Scientists, philosophers, and policymakers disagree about how to define microaggression. Here, we offer a taxonomy of existing definitions, clustering around (a) the psychological motives of perpetrators, (b) the experience of victims, and (c) the functional role of microaggression in oppressive social structures. We consider conceptual and epistemic challenges to each and suggest that progress may come from developing novel hybrid accounts of microaggression, combining empirically tractable fea…Read more
  •  260
    Social media disinformation and the security threat to democratic legitimacy
    NATO Association of Canada: Disinformation and Digital Democracies in the 21st Century 10-14. 2019.
    This short piece draws on political philosophy to show how social media interference operations can be used by hostile states to weaken the apparent legitimacy of democratic governments. Democratic societies are particularly vulnerable to this form of attack because democratic governments depend for their legitimacy on citizens' trust in one another. But when citizen see one another as complicit in the distribution of deceptive content, they lose confidence in the epistemic preconditions for dem…Read more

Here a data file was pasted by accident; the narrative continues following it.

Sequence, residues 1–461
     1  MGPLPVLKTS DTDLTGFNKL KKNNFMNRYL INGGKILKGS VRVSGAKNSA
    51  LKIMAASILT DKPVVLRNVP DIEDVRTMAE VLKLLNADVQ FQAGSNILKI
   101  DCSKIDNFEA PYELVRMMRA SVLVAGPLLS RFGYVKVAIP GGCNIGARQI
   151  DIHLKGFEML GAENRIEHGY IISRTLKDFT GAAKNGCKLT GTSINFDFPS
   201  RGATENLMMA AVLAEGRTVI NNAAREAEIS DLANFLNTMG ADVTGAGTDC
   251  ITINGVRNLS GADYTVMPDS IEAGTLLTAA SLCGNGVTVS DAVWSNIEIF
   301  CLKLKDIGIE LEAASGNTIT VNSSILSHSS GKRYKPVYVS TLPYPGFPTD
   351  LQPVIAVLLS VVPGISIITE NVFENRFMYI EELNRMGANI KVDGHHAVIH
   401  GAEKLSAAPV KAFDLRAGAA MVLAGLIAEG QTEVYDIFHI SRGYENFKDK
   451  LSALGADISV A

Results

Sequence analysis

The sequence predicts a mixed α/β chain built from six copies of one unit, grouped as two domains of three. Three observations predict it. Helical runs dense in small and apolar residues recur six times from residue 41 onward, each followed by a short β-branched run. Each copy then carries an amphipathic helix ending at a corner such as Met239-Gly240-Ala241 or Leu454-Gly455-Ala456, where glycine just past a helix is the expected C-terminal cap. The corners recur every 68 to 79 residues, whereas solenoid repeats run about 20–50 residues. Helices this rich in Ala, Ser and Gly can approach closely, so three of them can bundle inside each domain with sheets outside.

•  164
    How to Take Offense: Responding to Microaggression
    Journal of the American Philosophical Association 4 (3): 332-351. 2018.
    A microaggression is a small insulting act made disproportionately harmful by its part in an oppressive pattern of similar insults. How should you respond when made the victim of a microaggression? In this paper I survey several morally salient factors, including effects upon victims, perpetrators, and third parties. I argue, contrary to popular views, that ‘growing a thicker skin’ is not good advice nor is expressing reasonable anger always the best way to contribute to confronting oppression. …Read more
  •  149
    How can we tell whether an incident counts as a microaggression? How do we draw the boundary between microaggressions and weightier forms of oppression, such as hate crimes? I address these questions by exploring the ontology and epistemology of microaggression, in particular the constitutive relationship between microaggression and systemic social oppression. I argue that we ought to define microaggression in terms of the ambiguous experience that its victims undergo, focusing attention on thei…Read more